SAN FRANCISCO : Two of the world's biggest smartphone makers -- Samsung and Apple -- have resumed a seven-year-old patent infringement dispute in the US.
The retrial of the patent suit in San Jose, California, is about determining the financial damages Samsung owes Apple for infringing on design patents covering the original iPhone, the USA Today reported on Monday.
Experts believe that the outcome of this retrial that was scheduled for Monday could set a benchmark on how much value a component design holds in an innovative product, thereby leaving a broad impact on intellectual property law.
The legal dispute between the two tech giants dates to 2011 when Apple sued Samsung. This led the South Korean tech giant to countersue the Cupertino, California-headquartered Apple in the same year, according to a report in The Korea Herald on Monday.
Samsung lost the case in 2012. It was ordered to pay the US tech giant more than $1 billion for infringing on three of Apple's design patents related to mobile devices -- the quick links to phone numbers, the slide-to-unlock feature and the auto-correct function.
Under the US patent law, infringement of a design patent can result in a plaintiff receiving total profits made through the product.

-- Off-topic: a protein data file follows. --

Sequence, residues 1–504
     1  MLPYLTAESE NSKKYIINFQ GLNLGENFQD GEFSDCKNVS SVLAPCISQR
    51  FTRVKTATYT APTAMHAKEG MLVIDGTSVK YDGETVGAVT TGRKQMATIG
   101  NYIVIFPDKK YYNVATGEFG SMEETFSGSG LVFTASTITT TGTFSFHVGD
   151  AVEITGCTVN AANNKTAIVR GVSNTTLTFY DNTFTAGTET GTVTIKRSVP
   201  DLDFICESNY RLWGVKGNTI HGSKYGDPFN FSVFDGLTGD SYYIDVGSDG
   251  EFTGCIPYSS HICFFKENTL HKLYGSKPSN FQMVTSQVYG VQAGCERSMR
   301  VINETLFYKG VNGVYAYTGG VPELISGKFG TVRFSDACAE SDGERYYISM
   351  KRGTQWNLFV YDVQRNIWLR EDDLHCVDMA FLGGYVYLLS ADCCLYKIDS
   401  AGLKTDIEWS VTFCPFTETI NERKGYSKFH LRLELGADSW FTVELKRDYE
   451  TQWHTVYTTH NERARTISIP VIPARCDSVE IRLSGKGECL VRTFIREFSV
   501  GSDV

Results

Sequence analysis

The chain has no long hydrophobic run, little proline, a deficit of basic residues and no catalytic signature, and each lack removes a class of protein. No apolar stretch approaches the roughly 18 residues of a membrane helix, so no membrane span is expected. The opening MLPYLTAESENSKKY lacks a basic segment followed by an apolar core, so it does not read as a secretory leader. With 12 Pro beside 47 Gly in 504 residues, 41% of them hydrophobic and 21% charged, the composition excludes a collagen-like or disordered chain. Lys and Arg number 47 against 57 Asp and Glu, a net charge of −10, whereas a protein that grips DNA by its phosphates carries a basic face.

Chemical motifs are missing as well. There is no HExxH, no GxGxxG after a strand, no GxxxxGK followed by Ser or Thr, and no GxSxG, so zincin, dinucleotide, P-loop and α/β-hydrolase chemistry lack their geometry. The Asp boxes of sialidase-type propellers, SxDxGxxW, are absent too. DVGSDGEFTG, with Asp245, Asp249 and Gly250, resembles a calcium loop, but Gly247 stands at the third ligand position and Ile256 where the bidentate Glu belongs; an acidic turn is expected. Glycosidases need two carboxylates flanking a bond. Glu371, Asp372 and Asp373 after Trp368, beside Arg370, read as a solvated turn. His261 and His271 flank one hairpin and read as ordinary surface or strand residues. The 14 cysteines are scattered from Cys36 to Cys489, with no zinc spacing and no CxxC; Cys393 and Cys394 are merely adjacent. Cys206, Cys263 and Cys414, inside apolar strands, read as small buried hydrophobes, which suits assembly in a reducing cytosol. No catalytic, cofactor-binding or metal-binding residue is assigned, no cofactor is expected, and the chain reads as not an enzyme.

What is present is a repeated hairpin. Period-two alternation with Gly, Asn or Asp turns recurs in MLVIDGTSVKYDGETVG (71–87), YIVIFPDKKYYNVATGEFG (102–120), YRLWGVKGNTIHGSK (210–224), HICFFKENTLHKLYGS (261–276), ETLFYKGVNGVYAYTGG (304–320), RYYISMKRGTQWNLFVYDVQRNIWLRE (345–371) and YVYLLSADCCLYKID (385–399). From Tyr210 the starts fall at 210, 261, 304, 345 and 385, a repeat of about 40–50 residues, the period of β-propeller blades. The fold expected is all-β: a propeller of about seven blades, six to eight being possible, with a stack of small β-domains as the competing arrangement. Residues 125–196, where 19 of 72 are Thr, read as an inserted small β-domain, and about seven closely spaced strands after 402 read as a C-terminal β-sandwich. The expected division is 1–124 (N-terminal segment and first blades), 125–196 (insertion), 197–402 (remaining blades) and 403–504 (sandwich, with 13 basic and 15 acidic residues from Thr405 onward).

Samsung's lawyers appealed the case, bringing down the compensation of $1 billion to $400 million in 2015 at the US Court of Appeals for the Federal Circuit.
In an attempt to limit the compensation to profits attributable to a specific component patent in question, Samsung then appealed the lower court's ruling to the Supreme Court.
The South Korean tech behemoth argued that component design could be just a small part of a smartphone whose technologies involve more than 200,000 patents.
In late 2016, the US Supreme Court agreed with Samsung and ordered the two tech giants to negotiate a date for a retrial to settle the award money for Apple, the The Korea Herald report said.
Samsung has not sold the phones in question in more than five years, said the the USA Today report, adding that the latest trial is expected to last about five days.